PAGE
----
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the most accurate "out of the counter" rifle and its price?

Discussion in 'Rifle Country' started by ShootAndHunt, Jan 27, 2004.

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  1. ShootAndHunt

    ShootAndHunt Member

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    I am considering to buy a new rifle and want this one is the most accurate rifle available "out of the counter", which means custom rifle excluded, and I don't want to burn a hole in my wallet for it if I don't have to:). Could you guys give me some advice?

    1. It seems I must go with a bolt action. But which caliber is better: .223, .308 or 30-06 or others?

    2. I heard that Remington 700 LTR or PSS is a good choice, which is better? or is there other choice? How accurate could they be, and how much do they cost?

    3. Are these rifles available from the gun store? (I didn't see the Rem 700 LTR or PSS in the Remington catolog, for example.)

    4. What are the most important features I should look at if I want a very accurate rifle? the bedding, trigger or barrel?
     
  2. cookhj

    cookhj Member

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    buy a savage. do a search on savage rifles and see what everyone's had to say about them.
     
  3. Preacherman

    Preacherman Member

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    I agree that for a budget-priced rifle, the Savage is probably the most accurate factory-production rifle out there. I've had uniformly excellent results with them. However, if you want to go up-market a bit (not too much), try the Tikka range. They're made by Sako, and I consider them to be the best value-for-money rifle on the market today - and their accuracy is equal to the Savage, while their workmanship and quality is, IMHO, higher.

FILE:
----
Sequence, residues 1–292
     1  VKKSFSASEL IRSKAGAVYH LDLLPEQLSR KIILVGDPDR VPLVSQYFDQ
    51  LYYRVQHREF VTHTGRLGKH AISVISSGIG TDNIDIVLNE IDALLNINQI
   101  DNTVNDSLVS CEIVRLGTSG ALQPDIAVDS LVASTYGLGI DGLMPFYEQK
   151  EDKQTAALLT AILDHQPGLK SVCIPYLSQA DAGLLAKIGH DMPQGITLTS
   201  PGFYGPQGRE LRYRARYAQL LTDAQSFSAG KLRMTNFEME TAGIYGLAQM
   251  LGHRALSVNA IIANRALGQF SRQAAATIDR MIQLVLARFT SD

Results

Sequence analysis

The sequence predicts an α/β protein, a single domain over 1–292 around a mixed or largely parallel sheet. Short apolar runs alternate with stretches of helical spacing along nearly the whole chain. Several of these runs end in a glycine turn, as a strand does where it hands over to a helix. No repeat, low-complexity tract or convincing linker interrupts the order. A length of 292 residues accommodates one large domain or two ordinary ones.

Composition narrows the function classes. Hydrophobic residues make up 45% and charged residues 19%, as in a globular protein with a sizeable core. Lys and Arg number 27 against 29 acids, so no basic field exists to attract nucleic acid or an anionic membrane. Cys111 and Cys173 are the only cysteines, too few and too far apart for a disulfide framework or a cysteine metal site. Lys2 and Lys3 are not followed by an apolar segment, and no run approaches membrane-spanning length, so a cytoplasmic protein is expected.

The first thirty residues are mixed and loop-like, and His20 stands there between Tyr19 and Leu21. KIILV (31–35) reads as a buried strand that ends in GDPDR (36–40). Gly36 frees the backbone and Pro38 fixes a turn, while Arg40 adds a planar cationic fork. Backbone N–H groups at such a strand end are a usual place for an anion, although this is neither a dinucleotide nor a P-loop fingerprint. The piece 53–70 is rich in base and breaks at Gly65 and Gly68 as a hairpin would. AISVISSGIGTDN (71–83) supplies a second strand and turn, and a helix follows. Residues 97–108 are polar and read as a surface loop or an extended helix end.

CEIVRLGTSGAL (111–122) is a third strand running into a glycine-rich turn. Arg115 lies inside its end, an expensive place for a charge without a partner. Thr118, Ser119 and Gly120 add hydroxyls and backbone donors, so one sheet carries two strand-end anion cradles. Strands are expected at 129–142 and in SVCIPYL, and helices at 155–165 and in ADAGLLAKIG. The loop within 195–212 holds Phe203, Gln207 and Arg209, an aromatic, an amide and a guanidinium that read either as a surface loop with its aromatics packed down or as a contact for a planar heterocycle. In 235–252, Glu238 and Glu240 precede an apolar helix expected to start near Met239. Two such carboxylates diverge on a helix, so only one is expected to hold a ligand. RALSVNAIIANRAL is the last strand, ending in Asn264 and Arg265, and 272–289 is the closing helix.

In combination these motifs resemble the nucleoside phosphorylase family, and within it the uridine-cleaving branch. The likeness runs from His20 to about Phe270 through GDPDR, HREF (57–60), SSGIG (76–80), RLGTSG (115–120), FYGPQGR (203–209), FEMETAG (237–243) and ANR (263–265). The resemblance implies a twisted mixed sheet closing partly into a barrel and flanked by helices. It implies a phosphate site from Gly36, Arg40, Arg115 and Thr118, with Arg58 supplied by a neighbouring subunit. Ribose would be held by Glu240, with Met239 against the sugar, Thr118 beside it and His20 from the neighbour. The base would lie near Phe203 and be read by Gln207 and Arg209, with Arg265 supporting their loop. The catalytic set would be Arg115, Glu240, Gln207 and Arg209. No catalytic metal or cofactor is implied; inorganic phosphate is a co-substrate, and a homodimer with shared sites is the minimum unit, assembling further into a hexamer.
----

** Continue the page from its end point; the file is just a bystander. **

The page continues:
4. Omaha-BeenGlockin

    Omaha-BeenGlockin Member

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    Basically----Sako for around $1000

    or

    Tikka for around $500

    Nothin else even comes close.
     
  5. JohnBT

    JohnBT Member

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    If I was going to spend a grand on a Sako I'd probably go ahead and spend $1100 and get a Cooper Classic.

    A buddy bought a stainless/plastic Howa .223 a few years ago for $330 and it really does shoot extremely well at 100 yards. And I was shooting battle pack ammo of all things and getting little cloverleafs using a BSA (gasp!!!) scope. I haven't tried it at 200 yards yet.

    John
     
  6. Black Snowman

    Black Snowman Member

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    I'm extremely happy with my CZ 550 VL in .308 that I got for ~$650 out the door. Scope rings were another $50 but built strong enough for even their safari guns.
     
  7. BigG